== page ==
In 1921 Quebec, less than half of the French-Canadian population lived in a town with one thousand inhabitants, compared to two thirds of the Ontarian population. (See also Ontario.) The working class and urban cultures resembled those of other North American towns in many ways. While payroll expenses for industrial jobs doubled in Quebec between 1939 and 1943, by 1950 the manufacturing output was still only 55% of that of Ontario. Between 1926 and 1958, personal income stalled at approximately 72% of Ontarian levels. The gap between Quebec and the rest of North America was real, but not as significant as what the Grande Noirceur myth claimed.

The clergy supported the Union nationale party in 1936, but mostly because its program was inspired by the Pope’s teachings. The Church also had connections with candidates from all parties. At first propelled by a thirst for power, Maurice Duplessis did not seem to “awaken any particular sympathies among priests”, each of whom had his own ideas on how to address the matters of the hour. The clergy thus did not favour the Union nationale over any other political party. (See also: Canadian Party System; Ultramontanism)

In his political rhetoric, Maurice Duplessis portrayed cultivators as having “the common sense, the stability and the patriotism” without which “there would be no possible progress in Quebec.” (See also Agriculture in Canada.) However, with all proportions maintained, the expenses of the provincial and federal governments increased at a similar rate in most fields. Namely, Quebec’s public expenditure for education went from 4.6 million to 181 million between 1944 and 1959. Throughout its reign, the Duplessis government built 4,000 schools to allow more children to have access to education. As for higher education, record attendance numbers were reached in 1955–1956 (24,000 students), then in 1966–1967 (75,000 students). However, the educational gap between Quebec and Ontario only started to dwindle during the 1980s and 1990s.

Maurice Duplessis and the Church also contributed to Quebec’s intellectual development. Some consider that Duplessis and the Church consolidated the nationalist sentiment from which neo-nationalism originated in the 1960s. The voices raised against dogmatism and in favour of democratization often came from the clergy and laity. Solid examples include Jean-Paul Desbiens who wrote Les Insolences du frère Untel. In these essays, Desbiens criticized the lack of freedom and rigour in the Quebec education system. Despite the faults found in clericalism, people did not generally seek complete secularization; most called for a “conversion of the Christian thinking” to allow for an unprecedented introduction to modernity.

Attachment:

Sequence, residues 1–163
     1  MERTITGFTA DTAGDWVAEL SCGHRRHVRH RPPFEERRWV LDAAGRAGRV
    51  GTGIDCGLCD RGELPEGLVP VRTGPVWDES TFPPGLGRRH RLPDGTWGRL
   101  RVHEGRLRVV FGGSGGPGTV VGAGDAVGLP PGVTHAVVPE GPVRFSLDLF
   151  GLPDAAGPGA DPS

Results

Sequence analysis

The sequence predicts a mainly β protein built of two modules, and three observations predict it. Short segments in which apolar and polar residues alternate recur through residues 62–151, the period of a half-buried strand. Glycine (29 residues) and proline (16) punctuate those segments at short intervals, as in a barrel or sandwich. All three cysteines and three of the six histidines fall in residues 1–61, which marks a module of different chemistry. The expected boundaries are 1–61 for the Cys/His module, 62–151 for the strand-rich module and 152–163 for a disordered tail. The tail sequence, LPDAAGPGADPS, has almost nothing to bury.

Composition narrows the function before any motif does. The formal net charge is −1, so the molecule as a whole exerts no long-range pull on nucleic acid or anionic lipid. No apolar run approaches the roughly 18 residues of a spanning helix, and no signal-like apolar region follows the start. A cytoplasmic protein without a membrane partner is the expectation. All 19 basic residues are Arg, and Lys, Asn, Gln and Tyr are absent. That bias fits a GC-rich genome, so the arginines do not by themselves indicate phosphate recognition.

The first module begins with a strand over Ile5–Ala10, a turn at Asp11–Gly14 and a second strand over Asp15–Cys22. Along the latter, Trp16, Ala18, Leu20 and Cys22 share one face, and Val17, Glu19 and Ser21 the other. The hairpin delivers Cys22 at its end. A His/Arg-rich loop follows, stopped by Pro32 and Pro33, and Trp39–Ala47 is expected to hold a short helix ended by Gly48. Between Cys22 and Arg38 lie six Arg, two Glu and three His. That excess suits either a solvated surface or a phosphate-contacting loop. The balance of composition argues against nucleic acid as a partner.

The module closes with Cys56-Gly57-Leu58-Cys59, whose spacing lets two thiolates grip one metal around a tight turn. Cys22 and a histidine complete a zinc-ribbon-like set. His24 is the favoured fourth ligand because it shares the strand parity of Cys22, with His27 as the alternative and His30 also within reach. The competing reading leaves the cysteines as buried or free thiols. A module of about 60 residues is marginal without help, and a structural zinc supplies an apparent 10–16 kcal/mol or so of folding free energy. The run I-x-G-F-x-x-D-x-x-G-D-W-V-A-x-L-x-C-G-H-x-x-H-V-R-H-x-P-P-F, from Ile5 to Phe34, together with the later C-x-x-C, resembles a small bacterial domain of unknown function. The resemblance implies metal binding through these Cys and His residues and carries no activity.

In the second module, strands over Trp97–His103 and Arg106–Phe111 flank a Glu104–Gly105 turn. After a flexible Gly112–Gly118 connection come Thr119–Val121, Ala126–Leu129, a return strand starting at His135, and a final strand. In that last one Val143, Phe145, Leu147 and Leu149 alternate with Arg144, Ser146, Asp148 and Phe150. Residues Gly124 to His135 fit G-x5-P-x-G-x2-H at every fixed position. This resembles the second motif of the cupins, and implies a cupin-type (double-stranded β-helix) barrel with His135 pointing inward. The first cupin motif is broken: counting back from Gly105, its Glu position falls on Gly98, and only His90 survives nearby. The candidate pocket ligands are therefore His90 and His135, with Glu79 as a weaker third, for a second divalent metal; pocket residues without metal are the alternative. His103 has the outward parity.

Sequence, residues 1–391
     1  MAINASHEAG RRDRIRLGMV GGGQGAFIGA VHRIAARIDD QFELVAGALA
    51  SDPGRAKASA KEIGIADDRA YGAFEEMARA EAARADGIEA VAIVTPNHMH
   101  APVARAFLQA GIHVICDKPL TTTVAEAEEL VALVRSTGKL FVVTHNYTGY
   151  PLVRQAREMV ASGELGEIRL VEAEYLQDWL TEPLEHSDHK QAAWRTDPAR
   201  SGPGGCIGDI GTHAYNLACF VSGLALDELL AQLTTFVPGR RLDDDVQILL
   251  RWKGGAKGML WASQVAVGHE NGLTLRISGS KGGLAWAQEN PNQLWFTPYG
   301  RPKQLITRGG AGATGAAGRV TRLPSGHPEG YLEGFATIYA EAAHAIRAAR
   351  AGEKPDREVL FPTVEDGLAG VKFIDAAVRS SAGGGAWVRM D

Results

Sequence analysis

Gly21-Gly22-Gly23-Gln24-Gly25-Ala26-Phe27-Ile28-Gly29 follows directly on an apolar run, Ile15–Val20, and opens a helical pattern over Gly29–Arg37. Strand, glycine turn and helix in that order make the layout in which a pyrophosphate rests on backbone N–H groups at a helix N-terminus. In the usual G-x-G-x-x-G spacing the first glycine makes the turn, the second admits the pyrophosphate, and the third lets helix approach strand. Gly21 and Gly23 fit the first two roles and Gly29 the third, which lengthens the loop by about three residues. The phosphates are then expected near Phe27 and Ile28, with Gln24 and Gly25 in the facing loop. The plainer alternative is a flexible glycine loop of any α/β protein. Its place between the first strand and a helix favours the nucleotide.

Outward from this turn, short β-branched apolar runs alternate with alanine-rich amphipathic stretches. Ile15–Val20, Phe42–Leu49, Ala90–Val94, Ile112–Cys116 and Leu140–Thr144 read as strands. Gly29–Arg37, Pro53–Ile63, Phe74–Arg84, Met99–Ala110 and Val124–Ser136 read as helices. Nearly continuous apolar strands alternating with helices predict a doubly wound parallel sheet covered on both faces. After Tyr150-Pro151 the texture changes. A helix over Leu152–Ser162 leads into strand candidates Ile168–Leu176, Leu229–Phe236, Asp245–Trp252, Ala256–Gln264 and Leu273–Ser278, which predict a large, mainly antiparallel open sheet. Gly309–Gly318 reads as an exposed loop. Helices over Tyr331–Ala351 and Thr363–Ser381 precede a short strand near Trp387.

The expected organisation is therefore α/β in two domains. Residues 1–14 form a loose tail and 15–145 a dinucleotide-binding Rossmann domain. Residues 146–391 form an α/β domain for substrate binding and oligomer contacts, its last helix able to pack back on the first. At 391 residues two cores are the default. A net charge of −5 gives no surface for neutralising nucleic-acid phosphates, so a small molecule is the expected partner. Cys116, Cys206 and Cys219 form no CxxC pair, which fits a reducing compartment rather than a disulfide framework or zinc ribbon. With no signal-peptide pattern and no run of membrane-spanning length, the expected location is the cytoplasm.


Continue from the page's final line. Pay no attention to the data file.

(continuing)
The Grand Noirceur was not a period of cultural stagnation; during this time, many cultural institutions emerged, like the Théâtre du Rideau vert (1948) and the Éditions de l’Homme (1958).

Findings on the Duplessis Period and the Quiet Revolution

According to Martin Meunier, Quebec’s economic structures, customs and national identity modernized "slowly, but surely." The Grande Noirceur myth exaggerates the idea of the province’s developmental stagnation. The Quiet Revolution could thus be considered the result of a long process to which the Catholic Church contributed to help traditional Quebec evolve into a modern society. The influence of Catholicism on Quebec culture started declining much later, in the last decades of the 20th century. The progressive and constant disengagement from mass and sacraments has begun at the turn of the millennium.